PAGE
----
I first met Nelson Garcia almost two years ago at an L.A. Food Policy Council (LAFPC) training event for small business owners looking to transform their stores into healthier community resources.
He did not remember this when I mentioned it to him at the grand re-opening of his newly renamed Alba Snacks & Services store at 60th and Vermont in South L.A. last week.
That’s not surprising.
I had attended the training to familiarize myself with the corner market landscape. He had attended because his businesses are his life.
He, like many there that day, had been focused on absorbing as much information as possible from the variety of presentations aimed at walking business owners through the steps of the market makeover process. And, in the debriefing session at the end of the day with LAFPC Director of Policy and Innovation Clare Fox, he had been eager to speak about the hurdles he faced making the suggested investments in his store.
The permitting process to sell produce was lengthy and expensive, he and others had lamented. The Department of Public Health (DPH) required that they have certain equipment in order to properly store produce, and the costs of acquiring it (plus the permits) were often more than owners in low-income communities could scrape together at once.
Or, as another owner complained, the interface with DPH could be confusing. They might hear from one inspector that they needed a particular piece of equipment, only to purchase it and later hear from another that it was the wrong one or that they had been misinformed about proper placement/spacing of equipment within the storage area.
It was a lot of trouble to go through for a product with a very limited shelf life and profit margin, and which begins to lose value the moment it goes out on the floor.
Their conclusions were disheartening to hear — Garcia and the other participants clearly had the desire to sell something better than flaming hot finger snacks to the good people of their communities. But it was also clear that they wouldn’t necessarily be able to get from A to B on their own.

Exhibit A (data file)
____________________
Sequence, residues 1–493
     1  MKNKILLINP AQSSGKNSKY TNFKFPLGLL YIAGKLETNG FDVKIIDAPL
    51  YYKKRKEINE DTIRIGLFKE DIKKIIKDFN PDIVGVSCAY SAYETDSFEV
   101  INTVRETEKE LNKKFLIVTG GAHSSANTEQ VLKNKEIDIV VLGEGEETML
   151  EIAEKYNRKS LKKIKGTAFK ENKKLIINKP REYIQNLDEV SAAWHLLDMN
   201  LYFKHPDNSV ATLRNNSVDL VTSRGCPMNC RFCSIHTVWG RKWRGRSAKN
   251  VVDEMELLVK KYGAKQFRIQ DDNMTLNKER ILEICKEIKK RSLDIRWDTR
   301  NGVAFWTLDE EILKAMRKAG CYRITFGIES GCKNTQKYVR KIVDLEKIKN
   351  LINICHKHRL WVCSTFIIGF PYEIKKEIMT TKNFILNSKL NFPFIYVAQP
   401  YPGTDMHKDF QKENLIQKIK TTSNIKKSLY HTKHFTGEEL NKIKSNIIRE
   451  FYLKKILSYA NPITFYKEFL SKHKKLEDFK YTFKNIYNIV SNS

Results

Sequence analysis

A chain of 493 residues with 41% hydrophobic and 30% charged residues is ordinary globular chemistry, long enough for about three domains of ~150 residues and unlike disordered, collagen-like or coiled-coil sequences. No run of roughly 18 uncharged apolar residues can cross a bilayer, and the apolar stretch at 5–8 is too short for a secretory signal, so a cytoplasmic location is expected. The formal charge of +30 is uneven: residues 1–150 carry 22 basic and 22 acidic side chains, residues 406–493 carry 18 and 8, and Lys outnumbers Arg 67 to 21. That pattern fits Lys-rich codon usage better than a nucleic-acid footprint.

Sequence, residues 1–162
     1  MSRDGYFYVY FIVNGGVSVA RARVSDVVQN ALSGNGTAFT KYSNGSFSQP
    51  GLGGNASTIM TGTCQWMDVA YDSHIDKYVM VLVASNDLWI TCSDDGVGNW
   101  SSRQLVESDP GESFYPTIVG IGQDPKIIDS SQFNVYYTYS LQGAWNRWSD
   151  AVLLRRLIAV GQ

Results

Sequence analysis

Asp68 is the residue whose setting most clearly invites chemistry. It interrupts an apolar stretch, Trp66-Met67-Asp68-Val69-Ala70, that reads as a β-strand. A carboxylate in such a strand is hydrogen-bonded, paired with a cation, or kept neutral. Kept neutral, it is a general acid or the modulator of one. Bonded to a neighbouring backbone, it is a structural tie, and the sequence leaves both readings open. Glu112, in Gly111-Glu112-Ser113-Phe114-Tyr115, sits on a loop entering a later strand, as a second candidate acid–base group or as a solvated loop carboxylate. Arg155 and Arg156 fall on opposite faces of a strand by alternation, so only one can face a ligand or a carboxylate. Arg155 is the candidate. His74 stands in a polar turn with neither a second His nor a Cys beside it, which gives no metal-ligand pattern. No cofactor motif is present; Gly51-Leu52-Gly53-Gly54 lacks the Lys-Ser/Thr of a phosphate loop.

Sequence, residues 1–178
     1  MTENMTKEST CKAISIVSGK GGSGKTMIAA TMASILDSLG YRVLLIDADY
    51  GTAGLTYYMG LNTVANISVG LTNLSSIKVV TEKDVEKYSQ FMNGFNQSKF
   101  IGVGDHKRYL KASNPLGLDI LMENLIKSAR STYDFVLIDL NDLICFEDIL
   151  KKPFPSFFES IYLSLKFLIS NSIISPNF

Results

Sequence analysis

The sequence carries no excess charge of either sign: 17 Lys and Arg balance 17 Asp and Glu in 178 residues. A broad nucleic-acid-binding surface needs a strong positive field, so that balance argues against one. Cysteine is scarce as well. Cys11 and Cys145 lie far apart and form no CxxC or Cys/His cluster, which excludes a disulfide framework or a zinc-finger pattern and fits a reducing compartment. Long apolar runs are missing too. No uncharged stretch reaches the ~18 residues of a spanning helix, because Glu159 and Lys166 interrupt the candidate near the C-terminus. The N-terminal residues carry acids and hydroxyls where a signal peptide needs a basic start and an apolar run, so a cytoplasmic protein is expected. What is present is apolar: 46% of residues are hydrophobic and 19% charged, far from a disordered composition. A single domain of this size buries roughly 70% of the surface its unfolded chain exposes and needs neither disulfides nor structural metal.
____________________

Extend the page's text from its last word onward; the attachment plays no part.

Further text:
Enter the Food Policy Council.
The LAFPC took on much of the market makeover work that had fallen on the shoulders of the Community Redevelopment Agency (CRA) before its dissolution in 2011. Although unable to provide the level of funding the CRA might have granted to a market (up to $75,000 in some cases), the LAFPC has been able to assist owners in building their capacity via the Healthy Neighborhood Market Network (HNMN) and Community Market Conversion (CMC) programs.
Via quarterly sessions, the HNMN offers business owners a support network, business development training opportunities (i.e. marketing, product handling, merchandising, store design and layout, procurement, etc.), technical assistance, leadership training opportunities, and referrals to financial resources. Those participating in the HNMN also have the opportunity to qualify for (or at least network with those enrolled in) the CMC program. First piloted under the CRA, the CMC offers owners more intensive and tailored one-on-one assistance in taking the next steps to implement their makeover plans.
Even with all that aid, it really takes a business owner with a plan and the wherewithal to see it through to make a conversion project happen, several people involved in the HNMN told me.
That person, according to them, was Nelson Garcia.
They weren’t kidding.
I would like to have 10 stores, Garcia told me in Spanish.
Ideally, he said, they would be near schools, they would offer healthy snacks, computers, reliable Internet access (a rare commodity in the area, even at the schools), and other services, and they would become community partners in the economic development of the area.
It’s not the typical approach to such conversion projects — which often look more narrowly at bringing fresh produce into “food deserts” or “food swamps” like South L.A. — but Garcia was very clear on who his customers were and what they were likely to purchase.
Fifty percent of his business was services (i.e. moneygrams), he told me. The other fifty percent was largely comprised of hungry students from nearby Augustus Hawkins High School and the middle school next door.
He recognized he didn’t need to try to compete with the large grocery store a few blocks north on Slauson, which met the needs of people looking to prepare meals. Instead, his niche would be to offer the kids a healthier selection of snacks, fruits, and drinks. And, he could secure a customer base by creating a clean and safe mini-computer lab where students could have Internet access to do homework or connect with friends. In turn, those students — particularly those from Augustus Hawkins — could help him with marketing, social media, and community outreach, and design some of the health-related signs to go up on his walls.
That plan has worked out well so far.